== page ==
Can you see your work within the 5 Policy Levers we have outlined?
Please reach out and let us know at
firstname.lastname@example.org ||12/10/2020 3:00:00 PM||A Conversation between the Manitoba Institute for Patient Safety and CPSI The longstanding relationship between the Manitoba Institute for Patient||12/10/2020 5:29:48 PM||512||https://www.patientsafetyinstitute.ca/en/NewsAlerts/News/Pages/Forms/AllItems.aspx||html||False||aspx|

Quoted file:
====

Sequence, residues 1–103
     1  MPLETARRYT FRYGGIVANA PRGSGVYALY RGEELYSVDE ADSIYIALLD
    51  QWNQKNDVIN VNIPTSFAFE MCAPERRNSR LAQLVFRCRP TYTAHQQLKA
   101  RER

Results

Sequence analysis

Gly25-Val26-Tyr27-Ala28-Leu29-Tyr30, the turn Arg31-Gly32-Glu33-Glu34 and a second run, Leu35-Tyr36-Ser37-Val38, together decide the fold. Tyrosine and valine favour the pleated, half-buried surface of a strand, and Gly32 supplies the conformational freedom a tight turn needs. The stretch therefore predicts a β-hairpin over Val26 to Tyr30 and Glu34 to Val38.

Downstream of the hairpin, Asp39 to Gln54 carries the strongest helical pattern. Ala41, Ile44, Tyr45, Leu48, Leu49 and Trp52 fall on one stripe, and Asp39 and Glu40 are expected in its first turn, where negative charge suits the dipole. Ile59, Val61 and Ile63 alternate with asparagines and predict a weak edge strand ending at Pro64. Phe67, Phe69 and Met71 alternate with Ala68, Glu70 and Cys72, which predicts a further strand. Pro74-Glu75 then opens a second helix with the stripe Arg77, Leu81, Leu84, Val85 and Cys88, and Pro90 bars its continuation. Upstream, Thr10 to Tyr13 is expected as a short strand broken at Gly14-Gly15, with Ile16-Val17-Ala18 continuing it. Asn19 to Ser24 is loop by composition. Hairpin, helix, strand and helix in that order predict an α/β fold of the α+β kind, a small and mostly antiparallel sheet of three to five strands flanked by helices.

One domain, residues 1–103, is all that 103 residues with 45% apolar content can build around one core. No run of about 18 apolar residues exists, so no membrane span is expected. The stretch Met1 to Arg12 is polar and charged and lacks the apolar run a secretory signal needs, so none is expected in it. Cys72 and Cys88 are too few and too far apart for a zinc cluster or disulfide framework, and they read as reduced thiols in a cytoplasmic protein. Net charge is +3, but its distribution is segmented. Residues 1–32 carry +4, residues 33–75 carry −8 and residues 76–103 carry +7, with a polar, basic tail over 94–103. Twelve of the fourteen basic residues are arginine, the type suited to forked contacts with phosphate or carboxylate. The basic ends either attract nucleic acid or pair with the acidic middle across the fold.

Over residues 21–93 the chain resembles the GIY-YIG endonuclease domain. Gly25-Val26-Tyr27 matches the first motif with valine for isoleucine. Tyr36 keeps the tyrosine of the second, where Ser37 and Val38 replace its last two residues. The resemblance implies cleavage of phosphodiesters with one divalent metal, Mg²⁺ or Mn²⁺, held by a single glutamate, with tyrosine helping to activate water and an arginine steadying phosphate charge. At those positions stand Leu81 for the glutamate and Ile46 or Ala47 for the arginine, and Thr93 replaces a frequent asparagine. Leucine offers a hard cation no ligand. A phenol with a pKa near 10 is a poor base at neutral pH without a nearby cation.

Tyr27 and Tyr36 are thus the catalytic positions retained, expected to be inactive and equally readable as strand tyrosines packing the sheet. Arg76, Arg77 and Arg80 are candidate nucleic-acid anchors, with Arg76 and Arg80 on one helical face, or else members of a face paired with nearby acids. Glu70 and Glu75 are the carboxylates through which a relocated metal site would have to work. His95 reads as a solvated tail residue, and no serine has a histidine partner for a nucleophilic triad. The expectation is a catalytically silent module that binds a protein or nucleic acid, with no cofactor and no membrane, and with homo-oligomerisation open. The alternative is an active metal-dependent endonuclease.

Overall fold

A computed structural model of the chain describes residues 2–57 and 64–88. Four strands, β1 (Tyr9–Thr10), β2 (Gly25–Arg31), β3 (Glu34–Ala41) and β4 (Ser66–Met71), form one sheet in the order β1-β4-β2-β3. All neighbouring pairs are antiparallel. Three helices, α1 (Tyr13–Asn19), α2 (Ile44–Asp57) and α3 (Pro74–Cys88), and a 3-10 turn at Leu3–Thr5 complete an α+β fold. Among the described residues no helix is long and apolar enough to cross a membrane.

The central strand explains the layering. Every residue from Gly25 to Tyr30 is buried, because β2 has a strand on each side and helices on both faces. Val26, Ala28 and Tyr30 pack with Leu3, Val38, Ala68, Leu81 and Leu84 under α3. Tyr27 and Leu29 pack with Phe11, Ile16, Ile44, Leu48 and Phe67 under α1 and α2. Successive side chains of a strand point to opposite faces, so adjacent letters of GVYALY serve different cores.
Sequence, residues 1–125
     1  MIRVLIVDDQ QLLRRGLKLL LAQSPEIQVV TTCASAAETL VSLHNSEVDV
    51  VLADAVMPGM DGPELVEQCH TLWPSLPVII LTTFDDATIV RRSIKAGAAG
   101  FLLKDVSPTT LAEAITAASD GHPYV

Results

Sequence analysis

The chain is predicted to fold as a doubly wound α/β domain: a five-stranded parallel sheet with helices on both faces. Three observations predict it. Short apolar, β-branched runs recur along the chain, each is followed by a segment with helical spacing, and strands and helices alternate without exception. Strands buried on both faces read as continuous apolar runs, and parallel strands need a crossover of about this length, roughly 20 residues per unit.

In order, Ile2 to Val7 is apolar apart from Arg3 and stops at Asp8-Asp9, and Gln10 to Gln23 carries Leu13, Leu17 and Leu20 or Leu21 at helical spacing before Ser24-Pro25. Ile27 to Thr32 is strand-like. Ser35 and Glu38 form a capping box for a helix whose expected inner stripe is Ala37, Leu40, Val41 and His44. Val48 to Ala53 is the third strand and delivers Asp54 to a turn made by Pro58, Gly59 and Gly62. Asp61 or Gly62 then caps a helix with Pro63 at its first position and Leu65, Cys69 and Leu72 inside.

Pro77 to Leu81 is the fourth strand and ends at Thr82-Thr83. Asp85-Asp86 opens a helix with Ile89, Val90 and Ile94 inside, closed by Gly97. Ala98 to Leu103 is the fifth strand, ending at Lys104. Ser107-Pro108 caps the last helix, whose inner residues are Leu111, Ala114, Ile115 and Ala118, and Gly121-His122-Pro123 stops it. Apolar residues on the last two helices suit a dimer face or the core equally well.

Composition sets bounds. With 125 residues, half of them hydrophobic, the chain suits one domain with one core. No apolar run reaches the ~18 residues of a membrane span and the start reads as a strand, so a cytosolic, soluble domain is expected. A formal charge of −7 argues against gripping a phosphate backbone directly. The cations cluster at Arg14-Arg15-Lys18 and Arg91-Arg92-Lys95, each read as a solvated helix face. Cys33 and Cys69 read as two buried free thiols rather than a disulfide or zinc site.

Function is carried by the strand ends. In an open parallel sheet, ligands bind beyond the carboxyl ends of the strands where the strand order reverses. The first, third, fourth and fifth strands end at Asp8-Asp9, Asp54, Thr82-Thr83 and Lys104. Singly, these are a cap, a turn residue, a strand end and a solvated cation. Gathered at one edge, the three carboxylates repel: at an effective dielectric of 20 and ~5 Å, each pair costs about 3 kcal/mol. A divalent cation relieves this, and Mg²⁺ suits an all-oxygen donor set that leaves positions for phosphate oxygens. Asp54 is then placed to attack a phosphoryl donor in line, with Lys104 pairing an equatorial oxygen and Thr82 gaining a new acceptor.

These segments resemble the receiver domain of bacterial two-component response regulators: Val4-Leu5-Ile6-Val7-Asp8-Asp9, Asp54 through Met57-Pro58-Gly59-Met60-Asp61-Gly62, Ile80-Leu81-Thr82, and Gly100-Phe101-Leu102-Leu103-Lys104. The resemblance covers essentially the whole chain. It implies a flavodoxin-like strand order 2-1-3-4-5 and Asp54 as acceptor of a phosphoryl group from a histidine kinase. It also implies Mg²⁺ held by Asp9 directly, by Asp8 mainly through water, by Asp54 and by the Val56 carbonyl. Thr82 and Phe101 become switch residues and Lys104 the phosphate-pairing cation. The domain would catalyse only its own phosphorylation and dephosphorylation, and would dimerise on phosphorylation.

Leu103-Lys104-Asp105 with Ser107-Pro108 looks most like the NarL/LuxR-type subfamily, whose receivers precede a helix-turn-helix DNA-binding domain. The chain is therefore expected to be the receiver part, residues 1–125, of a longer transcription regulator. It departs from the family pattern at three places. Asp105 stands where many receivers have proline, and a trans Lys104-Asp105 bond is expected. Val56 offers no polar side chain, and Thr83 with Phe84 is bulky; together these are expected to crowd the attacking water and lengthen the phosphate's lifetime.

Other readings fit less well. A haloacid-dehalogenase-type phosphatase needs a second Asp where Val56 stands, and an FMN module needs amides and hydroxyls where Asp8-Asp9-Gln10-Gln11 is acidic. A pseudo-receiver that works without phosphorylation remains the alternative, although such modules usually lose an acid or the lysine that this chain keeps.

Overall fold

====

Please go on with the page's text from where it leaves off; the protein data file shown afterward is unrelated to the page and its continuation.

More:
|Atlantic Learning Exchange mobilizes energy and enthusiasm for patient safety and quality||37702||12/1/2020 5:08:35 PM||Super SHIFTERS||<img alt="Leslie Ann Rowsell" src="/en/NewsAlerts/News/PublishingImages/2020/Leslie%20Ann%20Rowsell%20Thumbnail%202020-12-01.jpg" style="BORDER:0px solid;" />|| #SuperSHIFTER Leslie Ann Rowsell was Chair of the Atlantic Learning Exchange held in St. John's, Newfoundland and Labrador, in October 2019. The Atlantic Learning Exchange brings together healthcare professionals from the four Atlantic provinces to discover innovative and emerging trends in patient safety and quality improvement. What can you tell us about the Atlantic Learning Exchange? The Atlantic Learning Exchange (ALE) is a wonderful opportunity for people in Atlantic Canada to come together to discuss their work in patient safety and quality. We offer the opportunity for people to showcase their work and what they are doing in their respective regions. To engage ALE delegates, our presenters go through a rapid-fire process to talk about their projects for about five minutes as well as display poster and story boards. It also opens doors for people who are in this line of work to meet with various vendors and sponsors. It provides conversation time and exposure to things that our delegates may not necessarily see every day. In a nutshell, the ALE is a great networking opportunity for like-minded individuals to connect, broaden their knowledge, and take that knowledge translation back to their workplace. Tell us about your experience as Chair of the event? It was great fun to be the Chair of such a phenomenal event. I haven't been on the planning side of many healthcare conferences, so I was a newbie when it comes to this level of work. In 2015, I was approached by our Vice-President Clinical Supports and the Director of Quality Risk and Patient Safety, who were responsible for Quality at Eastern Health to be the provincial representative on the planning committee for these conferences. I attended the 2015 and 2017 conferences before taking on the Chair role for the Conference here in Newfoundland and Labrador in 2019. Everyone on the planning committee works full-time and the conference planning is in addition to our regular work. It requires the help of everyone in all the Atlantic provinces to help ensure there is adequate representation from each province attending the event, and for the storyboards and rapid-fire presentations. But the ALE also needs a commitment of organizations to send people to the Conference. It's definitely a team effort to pull an event like this together. In the beginning days, we thought it may have been difficult to attract delegates because air travel is expensive and it's not easy to drive to our province at that time of the year. The response was overwhelming and in the end we maximized the room capacity and had to turn people away. What makes the Atlantic Learning Exchange unique? The ALE is designed by Atlantic Canadians, for Atlantic Canada. Because the geography of Atlantic Canada is somewhat small, we bring a grassroots perspective with people on the planning committee representing all four provinces. As a group, we pick the theme and design the agenda. We have a lot of flexibility when it comes to our speakers and how we spend the money entrusted to us to run the ALE. Because there is so much input from all provinces, the agenda is very relevant and applicable for everyone in the room. The Atlantic Learning Exchange has been successful because we have been able to work together and network together. We have been able to help keep the costs down so that people can afford to come. And, we have made the event something meaningful that happens every second year. What were some of the highlights of the 2019 ALE for you? Jeffrey Braithwaite was one of our keynote speakers and he wowed the audience with his knowledge on patient safety. There was so much rich content in his presentation, and I have become quite interested in his work in systems improvement and now follow him on Twitter. To encourage resilience, Braithwaite suggests Look at what goes right, not just what goes wrong; When something goes wrong, begin by understanding how it (otherwise) usually goes right. Look at frequent events, not just severe ones; Be proactive about safety - try to anticipate developments and events; and Be thorough, as well as efficient (the ETTO principle – efficiency-thoroughness trade-off). Marlies van Dijk from Alberta Health Services Design Lab delivered a powerful presentation demonstrating how the biggest opportunities to transform health care lie not within strategies or processes, but within mindsets. Marlies reinforced the importance of knowing your team, and networking within work to build your own resources and strengths. When you connect with people who build you up and you find those people to trust, brainstorm and work with, you will find your supporters! There was also an interesting presentation from the Hacking Health team at Eastern Health and their work to hack no-show rates. Hacking Health fosters collaborative innovation by engaging key groups of stakeholders to create solutions to healthcare challenges as a mindset, not a skill-set. Where can we go for more information? Copies of the presentations from the 2019 ALE are available on the Canadian Patient Safety Institute's website. Click here to access the presentations. If you have questions about the ALE, contact me at LeslieAnnRowsell@EasternHealth.ca. ||12/1/2020 7:00:00 AM||#SuperSHIFTER Leslie Ann Rowsell was Chair of the Atlantic Learning Exchange held in St. John's, Newfoundland and Labrador, in October 2019. The||12/2/2020 8:25:30 PM||1178||https://www.patientsafetyinstitute.ca/en/NewsAlerts/News/Pages/Forms/AllItems.aspx||html||False||aspx|